21 décembre 2020 |
Lockheed Martin has developed a four-round launcher for its new AGM-179A Joint Air-to-Ground Missile, or JAGM, that is designed to be readily installed on warships, including relatively small patrol boats, as well as ground vehicles. This opens up entirely new possibilities for JAGM, which was initially developed primarily as an air-launched anti-tank weapon, in the surface-to-surface role.
The JAGM Quad Launcher (JQL) leverages technology from Lockheed Martin's existing Vertical Launch System (VLS) designs, which include the popular Mk 41 VLS found on numerous warships in the U.S. Navy and other navies around the world. It also uses the same Launcher Electronics Assembly (LEA) from the M299 launcher, a four-rail design for helicopters most commonly associated with the AH-64 Apache. All of this combined with an open-architecture Launcher Management Assembly (LMA) designed to help speed up the integration of updated hardware and software as time goes on to improve the JQL's capabilities and add new functionality.
The JQL comes in two basic configurations, both of which are seen in the rendering above, one designed for installation on ships below deck like a traditional VLS and another one intended to be fitted on top of the decks of ships or on ground vehicles. "JQL’s LEA/LMA launch control system can be integrated with local and remote weapon control systems using wired and wireless interfaces," a product brochure from Lockheed Martin's says.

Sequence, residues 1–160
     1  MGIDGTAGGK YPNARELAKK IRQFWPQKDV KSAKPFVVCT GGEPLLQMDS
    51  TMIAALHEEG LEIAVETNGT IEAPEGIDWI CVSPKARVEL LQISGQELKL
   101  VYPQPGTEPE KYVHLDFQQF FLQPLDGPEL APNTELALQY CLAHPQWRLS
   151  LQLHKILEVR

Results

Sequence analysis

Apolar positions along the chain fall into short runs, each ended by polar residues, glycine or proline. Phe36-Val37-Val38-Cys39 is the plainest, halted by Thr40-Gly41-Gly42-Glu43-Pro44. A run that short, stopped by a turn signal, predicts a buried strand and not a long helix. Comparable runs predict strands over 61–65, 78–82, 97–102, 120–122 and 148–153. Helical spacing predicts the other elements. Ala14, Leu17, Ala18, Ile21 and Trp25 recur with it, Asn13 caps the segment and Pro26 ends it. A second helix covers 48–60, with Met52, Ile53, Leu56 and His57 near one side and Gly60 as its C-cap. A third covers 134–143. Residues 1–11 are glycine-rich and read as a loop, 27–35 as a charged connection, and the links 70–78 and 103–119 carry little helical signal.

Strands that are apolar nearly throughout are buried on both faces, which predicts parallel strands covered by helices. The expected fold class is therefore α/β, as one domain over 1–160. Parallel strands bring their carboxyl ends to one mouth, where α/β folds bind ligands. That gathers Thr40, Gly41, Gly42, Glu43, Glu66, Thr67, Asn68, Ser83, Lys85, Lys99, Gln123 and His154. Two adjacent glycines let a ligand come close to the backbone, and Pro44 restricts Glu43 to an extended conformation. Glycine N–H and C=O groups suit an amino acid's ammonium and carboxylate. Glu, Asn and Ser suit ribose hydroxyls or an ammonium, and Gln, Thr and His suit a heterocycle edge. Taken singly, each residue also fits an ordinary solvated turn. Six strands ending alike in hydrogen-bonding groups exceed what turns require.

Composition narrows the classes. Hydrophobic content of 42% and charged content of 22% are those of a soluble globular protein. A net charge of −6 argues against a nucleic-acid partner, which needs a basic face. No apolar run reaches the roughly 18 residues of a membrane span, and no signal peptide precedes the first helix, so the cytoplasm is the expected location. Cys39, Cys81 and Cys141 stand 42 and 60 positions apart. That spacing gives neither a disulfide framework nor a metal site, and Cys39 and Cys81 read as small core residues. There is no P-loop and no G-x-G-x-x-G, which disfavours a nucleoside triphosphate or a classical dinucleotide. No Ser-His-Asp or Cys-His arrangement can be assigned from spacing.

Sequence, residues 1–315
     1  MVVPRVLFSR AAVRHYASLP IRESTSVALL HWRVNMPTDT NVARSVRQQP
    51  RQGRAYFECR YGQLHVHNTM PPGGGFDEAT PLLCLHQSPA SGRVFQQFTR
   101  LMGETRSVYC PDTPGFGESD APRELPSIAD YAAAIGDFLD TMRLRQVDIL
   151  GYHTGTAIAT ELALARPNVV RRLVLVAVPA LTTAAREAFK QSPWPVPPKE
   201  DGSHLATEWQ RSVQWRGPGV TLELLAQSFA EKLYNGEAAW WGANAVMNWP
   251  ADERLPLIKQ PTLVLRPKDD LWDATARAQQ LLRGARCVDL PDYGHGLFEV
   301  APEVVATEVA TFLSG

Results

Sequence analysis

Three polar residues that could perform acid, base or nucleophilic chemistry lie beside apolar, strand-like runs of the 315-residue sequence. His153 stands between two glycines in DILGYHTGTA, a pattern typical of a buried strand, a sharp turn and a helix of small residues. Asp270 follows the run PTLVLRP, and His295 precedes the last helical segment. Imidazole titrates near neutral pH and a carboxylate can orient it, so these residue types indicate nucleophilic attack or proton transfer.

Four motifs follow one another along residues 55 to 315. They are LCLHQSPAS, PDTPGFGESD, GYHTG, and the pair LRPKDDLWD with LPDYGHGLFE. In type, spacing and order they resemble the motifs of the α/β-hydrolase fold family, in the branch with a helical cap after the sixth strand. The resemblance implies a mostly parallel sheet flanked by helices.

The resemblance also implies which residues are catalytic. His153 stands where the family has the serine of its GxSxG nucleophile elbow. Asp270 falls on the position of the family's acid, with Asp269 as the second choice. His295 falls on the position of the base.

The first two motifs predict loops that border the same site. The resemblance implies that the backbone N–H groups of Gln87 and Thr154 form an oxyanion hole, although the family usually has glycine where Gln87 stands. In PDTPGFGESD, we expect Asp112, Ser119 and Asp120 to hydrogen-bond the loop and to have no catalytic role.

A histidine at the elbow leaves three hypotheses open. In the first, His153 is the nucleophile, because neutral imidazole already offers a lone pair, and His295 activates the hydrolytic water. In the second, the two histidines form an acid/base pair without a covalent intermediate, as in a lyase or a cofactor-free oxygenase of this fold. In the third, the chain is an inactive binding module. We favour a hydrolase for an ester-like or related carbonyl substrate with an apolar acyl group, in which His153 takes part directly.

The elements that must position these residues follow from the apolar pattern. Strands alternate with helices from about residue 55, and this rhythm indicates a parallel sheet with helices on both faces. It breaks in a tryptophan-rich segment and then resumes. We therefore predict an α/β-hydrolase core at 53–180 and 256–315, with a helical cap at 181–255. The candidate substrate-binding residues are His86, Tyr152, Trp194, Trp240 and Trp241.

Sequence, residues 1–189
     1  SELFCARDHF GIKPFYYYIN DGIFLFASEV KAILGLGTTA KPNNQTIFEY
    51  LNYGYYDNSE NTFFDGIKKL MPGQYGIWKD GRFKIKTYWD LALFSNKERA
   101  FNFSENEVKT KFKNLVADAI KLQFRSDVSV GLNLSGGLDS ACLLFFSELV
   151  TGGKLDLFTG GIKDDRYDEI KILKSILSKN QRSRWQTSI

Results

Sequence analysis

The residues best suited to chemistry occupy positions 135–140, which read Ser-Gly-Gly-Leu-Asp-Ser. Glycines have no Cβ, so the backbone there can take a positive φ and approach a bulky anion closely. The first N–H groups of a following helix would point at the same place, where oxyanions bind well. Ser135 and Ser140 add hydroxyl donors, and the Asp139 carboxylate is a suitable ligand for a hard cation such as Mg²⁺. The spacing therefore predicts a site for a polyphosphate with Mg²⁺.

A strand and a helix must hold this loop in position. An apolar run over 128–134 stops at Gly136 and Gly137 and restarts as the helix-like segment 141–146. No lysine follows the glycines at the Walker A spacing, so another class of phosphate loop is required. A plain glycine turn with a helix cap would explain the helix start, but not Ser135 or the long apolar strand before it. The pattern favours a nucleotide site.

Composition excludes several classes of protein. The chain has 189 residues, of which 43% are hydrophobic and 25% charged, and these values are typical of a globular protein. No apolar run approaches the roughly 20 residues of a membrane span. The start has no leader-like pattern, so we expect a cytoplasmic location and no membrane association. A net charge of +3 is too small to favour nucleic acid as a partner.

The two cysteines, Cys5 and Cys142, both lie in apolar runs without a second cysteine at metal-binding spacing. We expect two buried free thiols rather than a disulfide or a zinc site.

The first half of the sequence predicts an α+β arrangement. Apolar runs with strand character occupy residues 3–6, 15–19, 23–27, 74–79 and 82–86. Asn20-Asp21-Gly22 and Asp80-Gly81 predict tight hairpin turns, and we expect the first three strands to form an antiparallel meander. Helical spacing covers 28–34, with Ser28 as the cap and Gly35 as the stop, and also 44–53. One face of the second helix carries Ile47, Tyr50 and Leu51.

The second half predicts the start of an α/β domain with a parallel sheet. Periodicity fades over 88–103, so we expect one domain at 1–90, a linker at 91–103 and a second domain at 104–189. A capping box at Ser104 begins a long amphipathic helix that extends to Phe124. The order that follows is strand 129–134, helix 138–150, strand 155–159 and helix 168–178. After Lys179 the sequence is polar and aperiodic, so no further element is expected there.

Both designs have what might appear at first glance to be a fifth launch tube, but which is actually an exhaust that diverts the blast of the missiles firing upward, keeping the overall height of the launcher to a minimum. The below deck design features a hatch-type lid to help keep water out of the launcher. The other version simply has covers over each launch tube and the exhaust that break away when the missiles are launched.
The exact physical space and power requirements needed for JQL installation are not clear, but Lockheed Martin's promotional literature shows a rendering of two of the launchers on the back of a 4x4 Joint Light Tactical Vehicle (JLTV) truck. Renderings of two other example installations are shown, as well. One of these depicts four JQLs mounted on top of the pilothouse of one of the Navy's new Mk VI patrol boats, while the other is has three of the below deck launchers fitted next to an eight-cell Mk 41 VLS array on the bow of a Multi-Mission Surface Combatant (MMSC), between the forecastle and its main gun. The MMSC is an enlarged derivative of the Freedom class Littoral Combat Ship (LCS) that Lockheed Martin designed for the Navy, the first customer for which is Saudi Arabia.
If the JQL is as relatively easy to add to various platforms as it appears from these configurations, it could offer a significant boost in firepower for relatively small ships and vehicles when combined with the capabilities of the JAGM. This missile takes the rear portions of an AGM-114R Hellfire II missile and adds in a new, multi-mode seeker.